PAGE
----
OGUNQUIT – I am an education technician who has worked in southern Maine with special needs middle school students for many years.

I feel that I must speak out on behalf of these children in the current standardized testing situation brought about by the No Child Left Behind Act. I understand why some parents are choosing to opt their children out of standardized testing. It’s heartbreaking to watch children being overwhelmed by the testing experience, becoming inconsolable.

It used to be that when students with Individual Education Programs were tested, accommodations specified in their IEPs could be used during standardized testing sessions. Now these accommodations are not allowed.

Our special needs students may be tested in small groups separate from their peers, but the adults monitoring them may not assist them as specified in their IEPs. This is very stressful for these children, who are used to adults helping them with their school work and it results in test scores that don’t always give an accurate picture of the learning level of these students.

This is what happened during testing of one of the students I am assigned to. It may help you understand what these kids are up against when faced with standardized testing.

Recently a fifth-grade group of students in my school was taking the writing section of the New England Common Assessment Program test. Maine tests math, reading and writing skills with this test. The question on this part of the test was to write an essay.

This particular student understands what is being taught but has a difficult time writing down words. The student comes out with scrambled letters or some letters missing. This frustrates the student.

When an assignment calls for a lot of writing, I usually scribe (write) for this 10-year-old. Scribing is not allowed in NECAP testing.

With head down, the student refused to attempt to do any of the essay. Growing more and more agitated as other students wrote their responses to the essay question, the child had to be removed from the room so that no one would be disturbed. When we were in another room, I asked the student to answer to the essay question. The child responded verbally to every one of the points in the writing prompt in a thoughtful way, but because of the student’s disability and the prohibition on scribing, what the child knew could not be recorded in the answer booklet.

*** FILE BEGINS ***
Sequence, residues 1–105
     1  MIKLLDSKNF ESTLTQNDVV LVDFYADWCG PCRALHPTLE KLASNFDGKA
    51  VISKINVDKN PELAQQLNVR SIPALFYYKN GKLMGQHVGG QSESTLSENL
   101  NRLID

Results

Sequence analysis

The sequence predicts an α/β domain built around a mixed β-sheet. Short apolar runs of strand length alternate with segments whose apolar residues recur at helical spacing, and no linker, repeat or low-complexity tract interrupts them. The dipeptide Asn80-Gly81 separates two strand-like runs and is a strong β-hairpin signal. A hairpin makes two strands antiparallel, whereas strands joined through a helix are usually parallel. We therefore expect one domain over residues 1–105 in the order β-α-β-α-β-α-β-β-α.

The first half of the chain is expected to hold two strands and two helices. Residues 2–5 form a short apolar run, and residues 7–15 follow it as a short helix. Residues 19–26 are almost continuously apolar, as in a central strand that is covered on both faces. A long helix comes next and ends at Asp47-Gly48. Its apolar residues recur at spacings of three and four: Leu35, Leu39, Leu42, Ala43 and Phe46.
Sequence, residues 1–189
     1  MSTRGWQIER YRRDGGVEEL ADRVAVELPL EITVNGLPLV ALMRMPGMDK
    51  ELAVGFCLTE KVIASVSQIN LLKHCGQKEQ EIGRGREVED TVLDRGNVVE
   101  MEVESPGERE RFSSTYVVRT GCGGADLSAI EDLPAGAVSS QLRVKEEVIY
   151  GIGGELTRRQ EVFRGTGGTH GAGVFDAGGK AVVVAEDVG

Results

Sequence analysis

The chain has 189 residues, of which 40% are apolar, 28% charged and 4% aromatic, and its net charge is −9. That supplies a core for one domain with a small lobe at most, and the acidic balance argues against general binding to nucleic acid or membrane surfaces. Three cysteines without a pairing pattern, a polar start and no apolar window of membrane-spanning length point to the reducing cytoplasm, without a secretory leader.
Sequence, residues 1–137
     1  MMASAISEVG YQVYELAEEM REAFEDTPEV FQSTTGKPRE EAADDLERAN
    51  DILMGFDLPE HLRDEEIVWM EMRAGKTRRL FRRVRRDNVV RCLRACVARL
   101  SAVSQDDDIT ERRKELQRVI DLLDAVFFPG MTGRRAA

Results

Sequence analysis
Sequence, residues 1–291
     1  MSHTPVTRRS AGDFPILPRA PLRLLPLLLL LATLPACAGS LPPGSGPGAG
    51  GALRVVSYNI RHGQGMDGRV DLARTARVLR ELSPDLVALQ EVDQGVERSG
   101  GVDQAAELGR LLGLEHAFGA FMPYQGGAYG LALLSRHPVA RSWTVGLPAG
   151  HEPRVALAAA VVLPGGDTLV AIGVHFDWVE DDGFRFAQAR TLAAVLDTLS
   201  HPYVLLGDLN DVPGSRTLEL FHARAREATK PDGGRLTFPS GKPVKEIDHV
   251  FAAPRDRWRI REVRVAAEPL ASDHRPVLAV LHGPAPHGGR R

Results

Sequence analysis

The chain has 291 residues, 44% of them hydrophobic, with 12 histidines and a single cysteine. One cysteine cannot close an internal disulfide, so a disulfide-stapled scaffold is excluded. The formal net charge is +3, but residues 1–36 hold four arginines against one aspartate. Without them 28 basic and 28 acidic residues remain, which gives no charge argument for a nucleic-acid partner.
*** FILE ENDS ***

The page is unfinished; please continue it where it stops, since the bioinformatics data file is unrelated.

The test scores will in no way reflect how much this student has learned or the quality of the child’s thought processes. This student was so upset by the testing that the child was unable to do any homework on days we tested and was difficult at home.

I believe that we must allow IEP accommodations for special needs students during standardized testing. It’s not right to put these students into this situation without the help they need.

If we allow accommodations for physically disabled students, we should also allow them for students with learning disabilities.

The standardized testing has so disrupted the fall schedule in my middle school that teachers have lost valuable teaching time.

Shortly after our school year began, our students had to take the Northwest Evaluation Association test, an assessment taken on computers (this test will be repeated in the spring). Then came the NECAP test. Students practiced taking old released tests before taking this year’s NECAP.

This is a poor way for students this age to adjust to being new students in a middle school. All students, and special needs students in particular, need regular, predictable school schedules to do their best learning.

Standardized testing is causing real anxiety for some children, producing inaccurate results for some students who need accommodations and cutting into time that could be better spent by teachers directly teaching the curriculum.

It’s also preventing consistent schedules that create an ideal learning environment from being established and carried out during the school year. 

– Special to the Press Herald